The exponential distribution and why the excpected value does not equal P(0.5)

by magicturtle   Last Updated September 21, 2019 11:20 AM - source

The time leading up to an event of some kind is often modeled by the exponential distribution. This task is about the exponential distribution as a model for processing times. Assume that, for a given consultation, the processing time (Y) is exponentially distributed with the expected value = 15min

a) Determine the probability that a consultation takes longer than expected time for consultation (15 min). Why is this probability not equal to 0.5?

b) Determine the probability that eight consultations take longer than expected time (2 hours). Compare the answer with the corresponding problem in task a).



Answers 2


What you expect is something like uniform distribution.

For a simply calculate it by exponential formula.

For b suppose new exponential by $8\lambda$.

Ali Ashja'
Ali Ashja'
September 21, 2019 10:45 AM

An exponentially distributed variable has PDF $\lambda\exp(-\lambda x)$ on its support $[0,\:\infty)$, for some $\lambda>0$. The substitution $u:=\lambda x$ gives$$\mu=\int_0^\infty \lambda x\exp(-\lambda x)dx=\frac{1}{\lambda}\int_0^\infty ue^{-u}du=\frac{1}{\lambda}.$$Since $\lambda=\frac{1}{\mu}$, the PDF is often written as $\frac{1}{\mu}\exp\left(-\frac{x}{\mu}\right)$ on its support. Equivalently, on $[0,\:\infty)$ the survival function is $\exp\left(-\frac{x}{\mu}\right)$. So the probability of exceeding the mean is $\exp(-1)$. It's not $\frac12$, because the median is $\mu\ln 2$.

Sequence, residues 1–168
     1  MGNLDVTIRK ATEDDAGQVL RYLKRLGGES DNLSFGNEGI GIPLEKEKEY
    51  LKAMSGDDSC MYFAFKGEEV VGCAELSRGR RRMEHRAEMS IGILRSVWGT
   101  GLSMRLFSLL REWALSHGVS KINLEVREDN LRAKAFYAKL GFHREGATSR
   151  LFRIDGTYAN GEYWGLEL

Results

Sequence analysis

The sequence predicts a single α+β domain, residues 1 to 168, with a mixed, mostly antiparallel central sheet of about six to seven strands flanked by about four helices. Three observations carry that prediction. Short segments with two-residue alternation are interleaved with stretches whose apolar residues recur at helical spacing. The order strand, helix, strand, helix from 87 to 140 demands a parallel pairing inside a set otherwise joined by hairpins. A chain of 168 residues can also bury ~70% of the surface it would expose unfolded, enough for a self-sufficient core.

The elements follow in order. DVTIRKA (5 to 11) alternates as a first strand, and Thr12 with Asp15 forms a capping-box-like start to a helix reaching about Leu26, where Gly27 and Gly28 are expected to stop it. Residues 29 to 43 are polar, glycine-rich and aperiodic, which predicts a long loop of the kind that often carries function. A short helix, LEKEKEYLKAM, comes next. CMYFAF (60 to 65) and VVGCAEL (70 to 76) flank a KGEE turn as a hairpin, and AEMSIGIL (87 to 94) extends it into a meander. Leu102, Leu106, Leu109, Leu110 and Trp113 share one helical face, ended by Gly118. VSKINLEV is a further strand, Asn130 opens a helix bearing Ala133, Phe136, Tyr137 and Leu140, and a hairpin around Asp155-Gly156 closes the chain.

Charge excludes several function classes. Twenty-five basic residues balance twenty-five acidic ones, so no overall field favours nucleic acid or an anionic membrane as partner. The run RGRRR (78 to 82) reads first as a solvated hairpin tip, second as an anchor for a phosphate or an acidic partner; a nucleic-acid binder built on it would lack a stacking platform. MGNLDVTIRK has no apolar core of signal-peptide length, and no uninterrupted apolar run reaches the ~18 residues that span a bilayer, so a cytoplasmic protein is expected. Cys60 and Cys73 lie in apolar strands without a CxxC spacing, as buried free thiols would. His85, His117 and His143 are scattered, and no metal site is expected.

I'll have to contradict the other answer's implication that an exponential distribution will gave the answer to b. Let $\{X_i|1\le i\le 8\}$ denote eight consultation times, each exponentially distributed with mean time $\mu$ equal to $15$ minutes. We want $P(\sum_i X_i>8\mu)$. But $\sum_iX_i$ is Erlang-distributed with $k=8,\:\lambda=\frac{1}{\mu}$ (this can be proven with characteristic functions), so you want $$\int_{8\mu}^\infty\frac{x^7}{7!\mu^8}\exp\left(-\frac{x}{\mu}\right)dx=\int_8^\infty\frac{u^7}{7!}\exp(-u)du,$$which is evaluated here. It's a little larger than the answer to a, because the $k=8$ Erlang distribution has a heavier right-hand tail than the exponential distribution for low $x$. Another explanation, this time focusing on the answer being closer to $\frac12$ than before, is that for large $k$ the CLT allows a Normal approximation, which brings the mean's percentile closer to the median's.

J.G.
J.G.
September 21, 2019 11:15 AM

Related Questions


Expectation of minimum with exponential distributions

Updated October 24, 2018 01:20 AM

Can you help me with Poisson distribution?

Updated October 06, 2018 09:20 AM

Neyman-Pearson for shifted exponential distibution

Updated December 03, 2017 16:20 PM

Exponential Growth rate of population

Updated July 16, 2019 06:20 AM

how to solve for X in this exponential equation

Updated July 16, 2019 18:20 PM